- Environmental campaigner Bianca Jagger throws weight behind initiative to restore barren land to life
- Leading environmental group, IUCN enlists Jagger to promote Plant a Pledge campaign in support of Bonn Challenge
- IUCN receive commitment from U.S. government at Rio+20 to restore 15 million hectares of forest
- Jagger concerned that there are "no promises in sight" after Kyoto Protocol expires in December 2012
"We are reaching the tipping point and the tipping point according to most scientists will be in less than 10 years. We don't have much time," says human rights and environmental campaigner, Bianca Jagger.
At the Rio+20 Earth Summit
, the former actress and model is hoping to speed up climate action by supporting "Plant a Pledge,"
a campaign to promote the Bonn Challenge
-- a global initiative to restore 150 million hectares (an area almost three times the size of France) of degraded land by 2020.
"It's a project that will bring concrete and tangible change to people, to the environment and to the economy and will make a difference to the way we are tackling the issue of climate change," says Jagger.
The Bonn Challenge was launched in September last year with the aim of helping achieve the goals of the United Nations REDD+
program and Target 15
(there are 20 in total) of the Convention on Biological Diversity
, which was signed by 150 governments at the first Rio Earth Summit in 1992.
Organized by the International Union for Conservation of Nature (IUCN) in association with European aerospace company, Airbus, "Plant a Pledge" is urging governments, businesses and environmental experts to help create what is being billed as the world's biggest restoration project.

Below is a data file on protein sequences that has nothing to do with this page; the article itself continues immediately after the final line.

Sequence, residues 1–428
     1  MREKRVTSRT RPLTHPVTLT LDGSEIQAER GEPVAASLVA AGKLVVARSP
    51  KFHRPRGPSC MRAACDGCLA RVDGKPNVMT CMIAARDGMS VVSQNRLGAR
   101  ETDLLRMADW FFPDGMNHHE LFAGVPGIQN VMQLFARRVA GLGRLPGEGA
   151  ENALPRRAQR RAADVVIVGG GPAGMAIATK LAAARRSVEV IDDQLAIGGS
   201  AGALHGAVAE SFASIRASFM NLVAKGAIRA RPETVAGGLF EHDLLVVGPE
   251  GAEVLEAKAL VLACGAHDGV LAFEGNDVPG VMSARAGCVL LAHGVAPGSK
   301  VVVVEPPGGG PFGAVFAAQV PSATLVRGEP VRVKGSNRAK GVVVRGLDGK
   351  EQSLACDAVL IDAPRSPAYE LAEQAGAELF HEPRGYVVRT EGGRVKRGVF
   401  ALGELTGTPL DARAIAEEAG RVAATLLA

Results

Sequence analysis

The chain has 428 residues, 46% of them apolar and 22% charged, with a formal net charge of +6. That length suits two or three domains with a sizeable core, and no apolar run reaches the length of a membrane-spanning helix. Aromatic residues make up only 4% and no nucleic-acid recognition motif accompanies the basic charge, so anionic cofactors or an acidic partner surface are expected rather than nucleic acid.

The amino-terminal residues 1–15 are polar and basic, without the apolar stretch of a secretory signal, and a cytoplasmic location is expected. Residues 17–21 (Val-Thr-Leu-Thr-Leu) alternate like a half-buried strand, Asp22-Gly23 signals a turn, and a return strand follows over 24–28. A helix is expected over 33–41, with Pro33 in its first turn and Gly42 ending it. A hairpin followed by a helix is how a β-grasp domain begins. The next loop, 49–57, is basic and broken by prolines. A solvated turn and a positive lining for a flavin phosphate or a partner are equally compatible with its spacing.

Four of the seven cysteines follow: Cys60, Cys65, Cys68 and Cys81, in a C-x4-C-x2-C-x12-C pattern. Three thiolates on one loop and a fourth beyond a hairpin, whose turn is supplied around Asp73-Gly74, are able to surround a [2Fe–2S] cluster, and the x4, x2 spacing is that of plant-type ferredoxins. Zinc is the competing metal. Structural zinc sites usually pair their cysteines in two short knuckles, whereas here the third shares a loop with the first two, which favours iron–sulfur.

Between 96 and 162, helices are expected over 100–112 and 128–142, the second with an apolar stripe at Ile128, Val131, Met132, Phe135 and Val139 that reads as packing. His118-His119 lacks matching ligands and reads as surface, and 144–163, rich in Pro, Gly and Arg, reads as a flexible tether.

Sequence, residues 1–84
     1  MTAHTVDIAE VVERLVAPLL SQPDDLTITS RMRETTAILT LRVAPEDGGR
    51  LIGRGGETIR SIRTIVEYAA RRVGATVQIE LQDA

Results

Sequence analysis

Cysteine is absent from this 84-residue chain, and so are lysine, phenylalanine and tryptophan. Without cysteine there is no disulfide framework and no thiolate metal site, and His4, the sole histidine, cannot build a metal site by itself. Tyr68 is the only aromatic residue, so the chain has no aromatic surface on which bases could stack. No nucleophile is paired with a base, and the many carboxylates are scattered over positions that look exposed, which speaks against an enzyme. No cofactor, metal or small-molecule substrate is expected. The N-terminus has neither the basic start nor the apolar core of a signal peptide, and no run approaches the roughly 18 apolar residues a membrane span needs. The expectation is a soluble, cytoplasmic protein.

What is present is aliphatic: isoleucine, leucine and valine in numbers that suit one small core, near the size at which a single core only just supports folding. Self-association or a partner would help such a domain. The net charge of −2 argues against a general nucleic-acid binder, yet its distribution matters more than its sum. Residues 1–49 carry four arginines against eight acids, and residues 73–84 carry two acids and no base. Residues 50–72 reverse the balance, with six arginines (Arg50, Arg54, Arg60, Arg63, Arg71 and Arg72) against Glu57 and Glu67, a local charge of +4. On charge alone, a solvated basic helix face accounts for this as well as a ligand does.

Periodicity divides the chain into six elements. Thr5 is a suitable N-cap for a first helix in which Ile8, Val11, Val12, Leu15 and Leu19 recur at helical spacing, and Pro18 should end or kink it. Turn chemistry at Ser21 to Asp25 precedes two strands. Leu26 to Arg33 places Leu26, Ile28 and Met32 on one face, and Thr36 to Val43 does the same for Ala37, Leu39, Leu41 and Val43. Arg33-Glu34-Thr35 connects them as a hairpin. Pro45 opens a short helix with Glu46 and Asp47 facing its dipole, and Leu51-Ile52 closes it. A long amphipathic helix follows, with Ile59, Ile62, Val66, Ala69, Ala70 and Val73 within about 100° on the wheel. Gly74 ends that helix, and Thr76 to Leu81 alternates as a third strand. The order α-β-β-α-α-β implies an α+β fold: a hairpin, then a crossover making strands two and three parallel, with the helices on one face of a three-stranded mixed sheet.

"Just think about transforming a landscape that is barren to a landscape where you will be able to make the land fertile, where it can be sustainable, where agriculture can come back, where people can benefit," she said.
If fully implemented, the Bonn Challenge could inject more than $80 billion into local and global economies, according to the IUCN.
It could also cut the emission reductions gap by up to 17%, the IUCN
Scientists estimate that carbon dioxide emissions need to be restricted to 44 gigatons annually by 2020 to prevent global temperatures rising above two degrees Celsius
(3.6 degrees Fahrenheit) during the 21st century.
Jagger and the IUCN's efforts were rewarded at the Rio+20 this week with commitments from the U.S. government, Rwanda, Brazil and indigenous groups from Mesoamerica to restore more than 18 million hectares of forest
The U.S. will restore the lion's share of that number, pledging to re-plant 15 million hectares of land.
"Many governments are already convinced this will bring financial benefits for their country and they know we will be tackling the issue of food security, we will be improving water sources," Jagger said.
"At the same time, I see a lot of governments don't seem to fully understand the threat of climate change and they use the excuse we are living through an economic crisis or a difficult time to not do what is necessary," she said.
"We need to do it now, or we will all either live and survive together or we will all perish together. I don't think I am being alarmist. We need to make a difference and we as individuals can make that difference."
A veteran of the first Earth Summit, Jagger watched the Kyoto Protocol being born, but she fears for its future.
The agreement to reduce greenhouse gas emissions adopted in 1997 is due to expire in December with "no promises in sight," she says.
"There is so much we still need to do. Climate change is a reality and we are not doing enough for our planet, for our children, for future generations," she said.
"I wish there were more legally binding treaties that are for signature, especially as we go to Rio, but perhaps something will come out that is positive, I hope."